In this embodiment, standard-equipment computers 13-17 include an engine control computer 13, a transmission control computer 14, an automatic drive computer 15, a suspension control computer 16, and a slip-condition control computer 17. Various "optional" control computers may be linked to serial communication line 11. For example, a broadcast receiving control computer 18 suitable for a radio, a TV set or the like in the vehicle, air conditioning control computer 19 for controlling air conditioning in the passenger compartment of the vehicle, a navigation control computer 20 for controlling navigation of the vehicle, a diagnosis control computer 21 for diagnosing various kinds of appliances, sensors and other computers which are mounted on the vehicle, and a voice recognition control computer 22 for controlling the various appliances of the vehicle by recognizing a driver's voice command. In addition, a computer 23 for controlling other optional products is properly connected to serial communication line 11.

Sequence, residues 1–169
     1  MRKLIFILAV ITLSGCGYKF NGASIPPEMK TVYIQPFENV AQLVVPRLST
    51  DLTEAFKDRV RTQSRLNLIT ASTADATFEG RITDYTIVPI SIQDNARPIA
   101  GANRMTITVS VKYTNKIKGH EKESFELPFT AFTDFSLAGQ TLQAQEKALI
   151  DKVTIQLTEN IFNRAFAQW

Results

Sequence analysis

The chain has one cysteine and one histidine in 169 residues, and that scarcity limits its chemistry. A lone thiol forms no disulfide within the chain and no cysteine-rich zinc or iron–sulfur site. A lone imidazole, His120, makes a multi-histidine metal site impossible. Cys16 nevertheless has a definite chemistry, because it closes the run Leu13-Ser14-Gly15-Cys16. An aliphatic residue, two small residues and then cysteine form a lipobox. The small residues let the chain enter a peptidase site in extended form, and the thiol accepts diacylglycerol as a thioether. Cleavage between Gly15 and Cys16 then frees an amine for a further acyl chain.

Control computers 13 to 22 independently function to carry out their respective control functions (air conditioning, navigation, etc.). For example, control computer 13 computes a quantity of fuel injection and engine control data at the time of ignition based on fetched data indicative of engine rotation speed, suction air amount and cooling water temperature. Computer 13 then controls the engine in a manner most suitable for the operational condition of the engine under the sensed conditions.